Title: Touch Screen
Series: Sensations Collection #4
Author: L.B. Dunbar
Genre: Adult, Contemporary Romance
Release Date: March 3, 2015
The prodigal son. A second chance. The long kept secret.
I had returned. I hadn’t been here for seven years. That last summer, I was angry. Once I got away, I didn’t want to come back. The irony was the career I sought to escape this small town was the very reason I was here. My first movie was a featured film of the Traverse City Film Festival. As an independent film director, my premiere brought me back home. Home. A place I didn’t recognize.
Or maybe home didn’t recognize me?
I had it all in California: a girlfriend who was the daughter of a movie financier, a job that led to connections in the film industry, and a condo overlooking the ocean in Malibu. What I didn’t have was family. I had left them all behind. I was the prodigal son.
Now, the last person I expected to see was her. Britton McKay. She had been my summer love as a teenager. Not just once, but several summers. Until the last one. That was seven years ago. Now, she looked more beautiful than I remembered. Seeing her again, flooded me with memories long suppressed. She reminded me of everything I once had, and left behind.
Now, she had returned too.
Can lost romance be rekindled? Can unanswered questions be revealed?
Can I make this place my home again?
L.B. Dunbar reunites you with the Carter and Scott families as all are gathered for the annual film festival, a much anticipated wedding, and another summer weekend of Harbor Days.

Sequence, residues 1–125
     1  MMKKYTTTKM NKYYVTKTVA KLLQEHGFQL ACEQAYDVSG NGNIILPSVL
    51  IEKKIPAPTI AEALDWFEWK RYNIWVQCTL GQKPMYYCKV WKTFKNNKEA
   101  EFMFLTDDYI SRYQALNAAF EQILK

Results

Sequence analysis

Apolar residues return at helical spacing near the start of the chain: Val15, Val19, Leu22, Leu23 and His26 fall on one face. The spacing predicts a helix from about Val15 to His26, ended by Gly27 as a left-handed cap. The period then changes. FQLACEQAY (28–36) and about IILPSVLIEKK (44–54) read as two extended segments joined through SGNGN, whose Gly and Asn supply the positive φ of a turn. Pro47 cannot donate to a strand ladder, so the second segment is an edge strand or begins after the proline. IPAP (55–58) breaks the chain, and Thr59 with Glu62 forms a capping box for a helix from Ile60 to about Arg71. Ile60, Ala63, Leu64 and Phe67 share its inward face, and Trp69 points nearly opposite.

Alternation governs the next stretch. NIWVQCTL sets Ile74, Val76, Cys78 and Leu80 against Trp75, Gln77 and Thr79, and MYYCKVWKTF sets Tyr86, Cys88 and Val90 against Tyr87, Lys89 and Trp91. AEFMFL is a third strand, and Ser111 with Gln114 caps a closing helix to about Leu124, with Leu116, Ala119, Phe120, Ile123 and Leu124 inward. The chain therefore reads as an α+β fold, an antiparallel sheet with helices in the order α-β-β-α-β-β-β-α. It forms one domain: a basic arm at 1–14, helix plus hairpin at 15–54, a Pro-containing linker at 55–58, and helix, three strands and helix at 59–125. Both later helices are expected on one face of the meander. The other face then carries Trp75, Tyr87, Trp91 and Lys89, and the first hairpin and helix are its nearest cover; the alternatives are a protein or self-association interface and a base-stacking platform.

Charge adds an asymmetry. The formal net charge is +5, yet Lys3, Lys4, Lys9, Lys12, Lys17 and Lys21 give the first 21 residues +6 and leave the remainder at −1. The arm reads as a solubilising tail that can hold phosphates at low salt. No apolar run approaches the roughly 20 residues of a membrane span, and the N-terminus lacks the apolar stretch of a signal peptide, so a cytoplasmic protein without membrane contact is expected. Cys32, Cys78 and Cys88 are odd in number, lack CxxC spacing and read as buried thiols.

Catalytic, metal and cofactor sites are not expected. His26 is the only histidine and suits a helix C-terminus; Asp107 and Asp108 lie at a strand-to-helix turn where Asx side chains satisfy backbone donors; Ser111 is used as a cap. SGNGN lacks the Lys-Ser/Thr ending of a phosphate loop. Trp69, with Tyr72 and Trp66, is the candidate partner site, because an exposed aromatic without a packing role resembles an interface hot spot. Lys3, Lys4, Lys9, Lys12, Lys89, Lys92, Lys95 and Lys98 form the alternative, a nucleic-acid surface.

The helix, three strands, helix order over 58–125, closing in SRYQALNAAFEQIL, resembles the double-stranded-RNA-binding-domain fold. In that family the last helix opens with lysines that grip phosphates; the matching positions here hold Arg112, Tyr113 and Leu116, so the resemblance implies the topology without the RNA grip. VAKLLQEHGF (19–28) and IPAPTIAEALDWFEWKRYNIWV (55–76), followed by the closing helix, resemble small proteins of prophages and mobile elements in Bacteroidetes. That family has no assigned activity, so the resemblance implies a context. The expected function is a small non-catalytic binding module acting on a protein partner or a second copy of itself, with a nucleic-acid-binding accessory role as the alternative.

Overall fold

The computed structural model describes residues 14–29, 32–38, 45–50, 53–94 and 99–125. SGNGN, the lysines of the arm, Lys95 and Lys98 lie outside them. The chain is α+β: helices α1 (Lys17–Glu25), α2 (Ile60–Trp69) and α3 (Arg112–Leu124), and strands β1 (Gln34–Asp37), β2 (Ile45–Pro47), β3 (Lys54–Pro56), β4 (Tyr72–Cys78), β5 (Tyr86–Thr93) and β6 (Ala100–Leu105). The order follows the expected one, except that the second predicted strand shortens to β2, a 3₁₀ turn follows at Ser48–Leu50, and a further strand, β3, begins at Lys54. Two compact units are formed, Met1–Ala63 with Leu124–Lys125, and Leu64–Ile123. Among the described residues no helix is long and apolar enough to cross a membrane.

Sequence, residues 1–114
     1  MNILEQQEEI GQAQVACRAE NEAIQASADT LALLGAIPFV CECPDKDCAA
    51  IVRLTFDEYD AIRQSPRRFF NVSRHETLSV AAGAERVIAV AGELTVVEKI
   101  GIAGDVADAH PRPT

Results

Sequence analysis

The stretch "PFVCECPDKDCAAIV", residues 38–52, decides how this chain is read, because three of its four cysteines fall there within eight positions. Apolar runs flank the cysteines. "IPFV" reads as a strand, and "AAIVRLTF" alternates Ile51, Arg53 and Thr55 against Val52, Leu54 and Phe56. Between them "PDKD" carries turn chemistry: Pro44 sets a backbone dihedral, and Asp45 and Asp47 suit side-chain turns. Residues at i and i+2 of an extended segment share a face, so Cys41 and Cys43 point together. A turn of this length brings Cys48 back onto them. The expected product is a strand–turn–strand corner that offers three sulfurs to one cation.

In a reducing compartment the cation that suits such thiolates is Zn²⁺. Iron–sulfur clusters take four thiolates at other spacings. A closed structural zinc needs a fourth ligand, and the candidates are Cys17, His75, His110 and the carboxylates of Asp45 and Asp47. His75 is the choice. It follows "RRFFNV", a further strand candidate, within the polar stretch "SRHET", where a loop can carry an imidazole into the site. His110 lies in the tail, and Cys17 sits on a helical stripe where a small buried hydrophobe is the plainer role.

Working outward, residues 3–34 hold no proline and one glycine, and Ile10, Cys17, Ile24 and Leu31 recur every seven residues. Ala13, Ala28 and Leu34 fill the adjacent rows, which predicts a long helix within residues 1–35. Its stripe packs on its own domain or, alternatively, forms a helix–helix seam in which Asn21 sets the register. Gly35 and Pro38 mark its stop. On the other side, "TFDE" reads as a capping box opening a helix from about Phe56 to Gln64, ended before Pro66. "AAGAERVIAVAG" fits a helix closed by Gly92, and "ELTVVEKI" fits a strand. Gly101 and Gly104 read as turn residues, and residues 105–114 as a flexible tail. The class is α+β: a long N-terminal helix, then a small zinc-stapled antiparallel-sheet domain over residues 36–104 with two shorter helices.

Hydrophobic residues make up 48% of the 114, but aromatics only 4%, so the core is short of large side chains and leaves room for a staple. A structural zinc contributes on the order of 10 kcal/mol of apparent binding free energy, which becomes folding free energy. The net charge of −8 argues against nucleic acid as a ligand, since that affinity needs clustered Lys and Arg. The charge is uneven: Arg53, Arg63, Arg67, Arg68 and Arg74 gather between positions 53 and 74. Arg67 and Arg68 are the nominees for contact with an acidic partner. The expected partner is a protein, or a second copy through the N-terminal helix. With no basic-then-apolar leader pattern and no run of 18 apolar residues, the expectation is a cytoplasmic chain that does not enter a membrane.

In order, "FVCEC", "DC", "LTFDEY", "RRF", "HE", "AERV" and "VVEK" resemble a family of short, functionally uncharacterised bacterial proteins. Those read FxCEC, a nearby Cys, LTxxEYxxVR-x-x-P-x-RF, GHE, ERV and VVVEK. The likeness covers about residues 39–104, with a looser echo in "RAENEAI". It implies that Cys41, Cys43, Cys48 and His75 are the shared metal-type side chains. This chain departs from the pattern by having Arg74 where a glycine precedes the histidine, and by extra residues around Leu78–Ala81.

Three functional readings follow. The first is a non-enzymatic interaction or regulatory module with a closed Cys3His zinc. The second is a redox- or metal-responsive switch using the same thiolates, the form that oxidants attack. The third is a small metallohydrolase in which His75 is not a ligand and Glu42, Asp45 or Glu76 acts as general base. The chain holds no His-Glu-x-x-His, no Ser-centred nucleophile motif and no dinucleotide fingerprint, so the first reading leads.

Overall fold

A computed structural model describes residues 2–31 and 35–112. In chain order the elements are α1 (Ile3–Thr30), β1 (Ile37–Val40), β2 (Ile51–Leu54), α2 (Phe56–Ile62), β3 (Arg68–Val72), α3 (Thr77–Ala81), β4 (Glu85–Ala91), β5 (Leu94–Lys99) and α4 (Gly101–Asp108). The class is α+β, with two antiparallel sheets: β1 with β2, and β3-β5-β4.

I felt drawn to this woman and child, and I exited one of the French doors to walk along the pathway under another canopy. The beauty and her boy did not seem to notice me, and I tried to stay behind the columns that supported the overhang providing shade to this portion of the sidewalk as I peered nonchalantly at the beach. I glanced in their direction enough to notice wisps of her blonde hair around her tan face blowing out of her ponytail. She kept her eyes downward, focused on the boy, but I realized they had the same nose. Again, it seemed safe to assume this was her child.
She dipped the boy again and I heard his strong childish laughter. It was infectious and I smiled to myself. The woman kissed the boy again with several small pecks on his little red cheeks and neck, only now I could hear the sounds the mother made, loud and exaggerated, with each brush of her lips. The boy laughed harder, saying, “No, no, no,” but he squealed his enjoyment of each kiss and clearly wanted more. She stood him upright again and the child wrapped his arm around his mother, beginning to dance.
“Again,” the child pleaded, but the mother directed him elsewhere. They held hands as they stepped off the dance floor and into the white sand surrounding the pavilion. I hadn’t noticed they were both barefoot, and the woman bent down to pick up two pairs of shoes. She handed the child his and carried hers through her fingers. There was something strangely familiar about her as she walked across the sand away from me and toward the water line of the lake.